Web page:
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Testing for Lead Paint

If you live in an older home, it's a good idea to check for lead paint, especially before remodeling. Start with an inexpensive DIY test, then move on to a professional evaluation.

By the DIY experts of The Family Handyman Magazine

Testing procedure

Most lead-based paint poisoning in children occurs by exposure to lead dust, and testing dust will determine if you have a lead hazard you have to deal with. The test kits, available at home centers and hardware stores, include step-by-step instructions for collecting the samples, bags for the samples, plastic gloves and an envelope to send the samples to an EPA-certified lab for analysis. Results, mailed back in about two weeks, will tell if the samples contained a potentially harmful level of lead dust. If you have a dust hazard, contact your local health department for remediation guidelines.

However, before remodeling or otherwise disturbing painted surfaces, it's best to have a professional lead inspection and risk assessment done. This will tell if your home has lead-based paint, where it's located and if it's hazardous. Keep in mind that lead paint itself is not necessarily hazardous, especially if the surface is in good condition and the paint isn't flaking or being worn down (along sliding windows, for example). Find certified inspection firms through your state health department or the Environmental Protection Agency.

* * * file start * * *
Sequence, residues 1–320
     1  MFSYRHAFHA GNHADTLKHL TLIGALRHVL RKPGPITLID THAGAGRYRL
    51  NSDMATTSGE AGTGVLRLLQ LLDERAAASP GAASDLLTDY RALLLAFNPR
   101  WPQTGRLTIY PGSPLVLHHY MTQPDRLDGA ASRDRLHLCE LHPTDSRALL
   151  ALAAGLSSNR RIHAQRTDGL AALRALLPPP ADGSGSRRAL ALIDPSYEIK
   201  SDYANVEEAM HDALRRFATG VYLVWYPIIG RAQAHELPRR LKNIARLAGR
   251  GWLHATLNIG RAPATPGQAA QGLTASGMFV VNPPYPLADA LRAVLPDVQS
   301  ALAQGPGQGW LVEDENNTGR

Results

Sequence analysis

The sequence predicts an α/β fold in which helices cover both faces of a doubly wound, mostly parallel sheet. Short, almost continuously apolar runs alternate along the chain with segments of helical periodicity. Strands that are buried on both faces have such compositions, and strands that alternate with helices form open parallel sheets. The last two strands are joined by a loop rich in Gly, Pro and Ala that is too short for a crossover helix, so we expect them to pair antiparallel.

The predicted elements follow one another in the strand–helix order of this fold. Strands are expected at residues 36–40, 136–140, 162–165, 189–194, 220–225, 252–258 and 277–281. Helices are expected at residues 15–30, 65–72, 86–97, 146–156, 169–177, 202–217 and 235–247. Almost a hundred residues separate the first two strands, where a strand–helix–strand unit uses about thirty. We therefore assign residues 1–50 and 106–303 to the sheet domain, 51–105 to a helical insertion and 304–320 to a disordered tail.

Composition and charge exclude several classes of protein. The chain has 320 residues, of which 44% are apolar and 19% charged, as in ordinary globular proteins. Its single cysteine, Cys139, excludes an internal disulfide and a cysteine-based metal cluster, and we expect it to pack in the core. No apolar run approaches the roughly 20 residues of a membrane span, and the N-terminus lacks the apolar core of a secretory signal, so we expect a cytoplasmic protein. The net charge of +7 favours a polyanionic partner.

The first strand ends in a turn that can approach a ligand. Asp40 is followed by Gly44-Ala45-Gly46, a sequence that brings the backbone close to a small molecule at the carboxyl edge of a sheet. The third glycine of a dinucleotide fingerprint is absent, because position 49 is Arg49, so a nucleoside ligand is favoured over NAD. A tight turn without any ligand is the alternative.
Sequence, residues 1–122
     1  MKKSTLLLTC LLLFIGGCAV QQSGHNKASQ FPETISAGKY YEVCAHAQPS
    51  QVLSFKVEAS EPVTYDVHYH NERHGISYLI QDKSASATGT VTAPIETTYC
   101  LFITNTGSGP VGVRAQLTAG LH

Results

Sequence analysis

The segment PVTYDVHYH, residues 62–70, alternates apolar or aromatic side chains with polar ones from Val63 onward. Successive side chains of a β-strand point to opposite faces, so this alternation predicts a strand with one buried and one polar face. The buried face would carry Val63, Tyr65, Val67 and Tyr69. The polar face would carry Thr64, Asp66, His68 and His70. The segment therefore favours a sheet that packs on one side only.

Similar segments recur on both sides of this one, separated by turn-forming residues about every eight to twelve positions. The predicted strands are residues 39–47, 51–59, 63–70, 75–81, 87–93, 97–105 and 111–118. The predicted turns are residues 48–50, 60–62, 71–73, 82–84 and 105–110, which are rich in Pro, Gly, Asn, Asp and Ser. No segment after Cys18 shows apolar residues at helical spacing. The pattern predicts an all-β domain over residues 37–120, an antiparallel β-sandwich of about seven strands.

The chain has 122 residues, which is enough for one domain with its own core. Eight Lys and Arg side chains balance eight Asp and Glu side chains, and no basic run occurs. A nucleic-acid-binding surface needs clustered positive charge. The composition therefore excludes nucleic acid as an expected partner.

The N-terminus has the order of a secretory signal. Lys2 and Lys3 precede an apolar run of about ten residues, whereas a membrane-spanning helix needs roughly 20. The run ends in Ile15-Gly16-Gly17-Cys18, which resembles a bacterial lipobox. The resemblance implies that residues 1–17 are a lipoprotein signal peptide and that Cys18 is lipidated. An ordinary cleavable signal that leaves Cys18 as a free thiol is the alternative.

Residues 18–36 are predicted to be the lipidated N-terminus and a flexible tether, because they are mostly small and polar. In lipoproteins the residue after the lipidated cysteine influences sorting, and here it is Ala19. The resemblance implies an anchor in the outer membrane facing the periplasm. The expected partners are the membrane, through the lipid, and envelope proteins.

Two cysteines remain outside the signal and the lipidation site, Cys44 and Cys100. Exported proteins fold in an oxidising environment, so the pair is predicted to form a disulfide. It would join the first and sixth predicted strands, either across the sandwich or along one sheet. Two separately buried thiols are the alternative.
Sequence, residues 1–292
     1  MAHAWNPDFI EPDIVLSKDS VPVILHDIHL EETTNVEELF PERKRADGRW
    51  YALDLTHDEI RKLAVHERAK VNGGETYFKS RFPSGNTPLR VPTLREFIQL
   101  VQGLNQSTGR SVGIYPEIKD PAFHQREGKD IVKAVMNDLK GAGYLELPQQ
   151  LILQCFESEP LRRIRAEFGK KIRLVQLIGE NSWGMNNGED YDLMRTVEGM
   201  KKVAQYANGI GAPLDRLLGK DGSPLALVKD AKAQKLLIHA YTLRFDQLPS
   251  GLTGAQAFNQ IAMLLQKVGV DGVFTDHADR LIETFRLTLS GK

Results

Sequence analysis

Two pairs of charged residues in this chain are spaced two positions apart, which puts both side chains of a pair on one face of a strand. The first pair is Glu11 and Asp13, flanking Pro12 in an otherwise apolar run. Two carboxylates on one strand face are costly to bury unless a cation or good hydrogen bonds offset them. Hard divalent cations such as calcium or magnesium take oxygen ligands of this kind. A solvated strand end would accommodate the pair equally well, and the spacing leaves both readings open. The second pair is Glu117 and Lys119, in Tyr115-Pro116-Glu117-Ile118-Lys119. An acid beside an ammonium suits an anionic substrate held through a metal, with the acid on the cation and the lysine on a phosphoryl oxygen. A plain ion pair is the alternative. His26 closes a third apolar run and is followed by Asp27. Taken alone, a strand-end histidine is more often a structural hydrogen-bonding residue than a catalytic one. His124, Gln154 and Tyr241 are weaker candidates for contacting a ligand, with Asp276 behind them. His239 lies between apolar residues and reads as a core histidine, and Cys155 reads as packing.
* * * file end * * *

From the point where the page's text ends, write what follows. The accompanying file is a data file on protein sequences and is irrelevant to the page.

Don't be discouraged if you have lead paint. You can handle it safely. Follow the guidelines online at epa.gov/lead or call your local health department.

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Required Materials for this Project

Avoid last-minute shopping trips by having all your materials ready ahead of time. Here's a list.

    • Lead test kit

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Testing for Lead Paint

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